Why DRM Still Sucks

Anti-piracy measures are an inevitability in gaming. At least, it seems that way. If it isn’t Denuvo, it is some other virtual wall placed to supposedly keep the lawless folk out and allow the paying players to enjoy their games. Except in the last few years, we’ve seen all sorts of comments about DRM. Ubisoft ended up dealing with always-online DRM issues that were causing problems for players. EA’s Origin service came under fire for its authentication checks, while Oculus’ DRM is always attempting to be cracked. It can be exhausting to hear about all these roadblocks.

Especially when news like the Rime reports come up. In case you missed this one, here’s a summary. The PC version is giving some people trouble with technical issues. There can be slowdowns and poor performance issues, which some people are blaming on it using Denuvo as an anti-piracy measure. The developer claims it only causes a small performance issue, but also says it will remove Denuvo from the game after it is cracked. It makes you hesitant when any kind of DRM comes up.


Fortunately, it seems like we are increasingly entering a future where some companies are deciding to forgo DRM. At least, after a time. Both GOG and the Humble Store make a living off of providing an array of games that are DRM-free. These are outlets that are growing and thriving over the years. While the former isn’t a Steam-level competitor yet, it does have a GOG Galaxy service recently launched that offers a sort of community. And the latter keeps growing with new offerings.

Think about some of the games we’re seeing on these services. SNK titles are a big one. For the first time ever, they’re DRM-free on GOG. This means you can get games like Metal Slug titles, The King of Fighters 2000, Samurai Showdown V, and Twinkle Star Sprites and know you can have them forever. Even if something happens to GOG, they are still yours. So long as you have a computer capable of playing them, something that isn’t too difficult with compatibility modes, you are set.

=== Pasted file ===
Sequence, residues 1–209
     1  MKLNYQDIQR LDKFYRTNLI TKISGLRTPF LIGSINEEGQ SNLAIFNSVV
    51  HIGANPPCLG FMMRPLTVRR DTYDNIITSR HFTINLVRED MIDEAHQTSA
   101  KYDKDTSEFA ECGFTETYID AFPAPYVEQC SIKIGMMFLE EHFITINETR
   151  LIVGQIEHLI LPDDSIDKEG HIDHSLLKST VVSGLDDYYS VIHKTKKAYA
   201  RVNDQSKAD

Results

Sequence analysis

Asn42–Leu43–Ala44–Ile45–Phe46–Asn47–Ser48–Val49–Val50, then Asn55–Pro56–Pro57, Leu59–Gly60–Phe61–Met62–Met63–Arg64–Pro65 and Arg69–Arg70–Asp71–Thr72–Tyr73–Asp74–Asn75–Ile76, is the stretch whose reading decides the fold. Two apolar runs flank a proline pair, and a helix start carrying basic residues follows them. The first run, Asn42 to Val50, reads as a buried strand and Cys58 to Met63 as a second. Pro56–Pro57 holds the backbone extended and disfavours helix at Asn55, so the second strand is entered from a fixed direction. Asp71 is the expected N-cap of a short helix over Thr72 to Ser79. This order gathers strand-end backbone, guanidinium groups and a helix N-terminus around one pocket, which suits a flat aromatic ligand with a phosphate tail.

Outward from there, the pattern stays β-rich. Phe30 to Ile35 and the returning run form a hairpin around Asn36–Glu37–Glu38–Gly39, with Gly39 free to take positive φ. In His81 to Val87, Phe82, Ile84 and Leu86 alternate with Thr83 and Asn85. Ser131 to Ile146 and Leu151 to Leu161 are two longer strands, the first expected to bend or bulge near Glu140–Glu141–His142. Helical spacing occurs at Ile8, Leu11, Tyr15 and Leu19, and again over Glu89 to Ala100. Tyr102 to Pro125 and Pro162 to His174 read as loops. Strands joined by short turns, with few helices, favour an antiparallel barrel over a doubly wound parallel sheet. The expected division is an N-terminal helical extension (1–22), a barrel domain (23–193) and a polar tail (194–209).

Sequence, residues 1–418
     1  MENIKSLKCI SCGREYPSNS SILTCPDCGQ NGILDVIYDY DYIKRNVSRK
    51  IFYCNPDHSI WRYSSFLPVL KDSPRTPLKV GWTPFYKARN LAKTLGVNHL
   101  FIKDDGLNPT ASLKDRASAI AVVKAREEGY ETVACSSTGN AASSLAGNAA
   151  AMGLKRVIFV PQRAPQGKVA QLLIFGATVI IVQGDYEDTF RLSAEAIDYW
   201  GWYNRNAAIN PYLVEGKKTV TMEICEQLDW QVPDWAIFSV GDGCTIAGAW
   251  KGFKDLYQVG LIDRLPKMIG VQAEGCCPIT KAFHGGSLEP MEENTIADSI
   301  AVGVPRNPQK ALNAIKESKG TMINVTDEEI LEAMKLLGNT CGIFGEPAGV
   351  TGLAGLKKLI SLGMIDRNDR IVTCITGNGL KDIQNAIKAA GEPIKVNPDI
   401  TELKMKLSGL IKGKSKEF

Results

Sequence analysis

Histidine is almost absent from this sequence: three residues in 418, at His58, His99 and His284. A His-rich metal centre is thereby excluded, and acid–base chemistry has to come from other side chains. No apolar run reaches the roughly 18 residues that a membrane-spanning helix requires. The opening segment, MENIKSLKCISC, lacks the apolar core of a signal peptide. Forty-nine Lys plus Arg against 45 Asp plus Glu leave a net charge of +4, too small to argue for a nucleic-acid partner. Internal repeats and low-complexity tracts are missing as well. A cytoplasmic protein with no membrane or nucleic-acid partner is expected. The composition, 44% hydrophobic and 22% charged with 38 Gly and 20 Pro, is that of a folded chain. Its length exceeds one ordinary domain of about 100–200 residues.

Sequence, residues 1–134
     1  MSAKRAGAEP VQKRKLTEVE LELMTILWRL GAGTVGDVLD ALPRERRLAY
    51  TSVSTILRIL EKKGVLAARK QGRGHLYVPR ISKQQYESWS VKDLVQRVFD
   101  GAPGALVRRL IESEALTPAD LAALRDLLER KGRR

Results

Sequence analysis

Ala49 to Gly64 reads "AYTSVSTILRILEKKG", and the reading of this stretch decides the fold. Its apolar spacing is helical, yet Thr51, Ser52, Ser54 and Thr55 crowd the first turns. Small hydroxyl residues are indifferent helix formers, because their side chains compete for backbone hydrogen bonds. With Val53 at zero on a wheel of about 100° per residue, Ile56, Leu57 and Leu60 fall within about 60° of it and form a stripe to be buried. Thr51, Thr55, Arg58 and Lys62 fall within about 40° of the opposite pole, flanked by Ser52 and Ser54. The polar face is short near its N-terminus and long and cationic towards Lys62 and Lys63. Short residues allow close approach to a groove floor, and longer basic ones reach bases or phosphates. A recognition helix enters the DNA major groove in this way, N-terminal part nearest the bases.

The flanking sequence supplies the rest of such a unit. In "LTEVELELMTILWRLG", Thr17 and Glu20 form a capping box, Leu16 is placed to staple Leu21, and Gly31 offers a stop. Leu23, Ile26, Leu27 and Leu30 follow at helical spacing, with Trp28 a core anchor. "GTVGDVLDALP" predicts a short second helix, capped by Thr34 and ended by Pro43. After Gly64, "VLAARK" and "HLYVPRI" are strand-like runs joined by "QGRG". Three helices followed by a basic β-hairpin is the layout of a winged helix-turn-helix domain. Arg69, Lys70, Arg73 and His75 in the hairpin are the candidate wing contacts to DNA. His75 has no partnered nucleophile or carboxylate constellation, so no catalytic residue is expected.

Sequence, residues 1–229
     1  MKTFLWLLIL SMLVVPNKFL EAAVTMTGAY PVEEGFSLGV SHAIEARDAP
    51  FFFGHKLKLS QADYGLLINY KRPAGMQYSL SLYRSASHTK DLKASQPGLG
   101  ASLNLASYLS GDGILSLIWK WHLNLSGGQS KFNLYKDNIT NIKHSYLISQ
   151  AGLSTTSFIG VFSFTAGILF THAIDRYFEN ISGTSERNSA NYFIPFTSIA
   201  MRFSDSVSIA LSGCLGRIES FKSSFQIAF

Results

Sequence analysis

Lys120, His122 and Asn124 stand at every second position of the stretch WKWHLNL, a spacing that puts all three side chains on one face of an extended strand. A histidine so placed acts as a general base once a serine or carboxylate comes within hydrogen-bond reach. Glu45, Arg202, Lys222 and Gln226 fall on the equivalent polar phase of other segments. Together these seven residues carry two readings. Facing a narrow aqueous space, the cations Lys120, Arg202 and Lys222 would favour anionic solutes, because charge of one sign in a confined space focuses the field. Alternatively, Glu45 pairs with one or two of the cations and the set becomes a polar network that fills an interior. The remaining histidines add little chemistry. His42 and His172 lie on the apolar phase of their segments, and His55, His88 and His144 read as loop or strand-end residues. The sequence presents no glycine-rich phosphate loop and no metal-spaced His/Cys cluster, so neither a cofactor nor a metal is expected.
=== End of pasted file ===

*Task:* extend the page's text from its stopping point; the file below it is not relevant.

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Even more impressive are some recent moves by Bethesda to embrace a DRM-free lifestyle. Yes, Bethesda, a company so concerned about controlling its games that it has put a moratorium on review copies under the guise of “everyone getting to enjoy games at the same time,” has begun listing games without anti-piracy on GOG. And these aren’t minor games. These are Fallout 3, Fallout: New Vegas, and The Elder Scrolls IV: Oblivion. While they aren’t the newest entries in either series, they are beloved and still very viable sellers. This comes after EA went ahead and made Dead Space, Dragon Age: Origins, and SimCity 3000 available without DRM via GOG. 

Stores like GOG are leading a charge into a future where DRM doesn’t feel like such a roadblock to enjoying our games. It’s easy to be a digital adopter when a service like Steam makes it so easy to have everything in one place. But something like a bad internet connection, altering your hardware, or a digital distributor shutting down can lead to you losing things you love. It’s reassuring to see companies deciding to go the other way with DRM, even if it takes a few years before they do it.

Jenni Lada
Jenni Lada

Site Editor
Date: 06/06/2017

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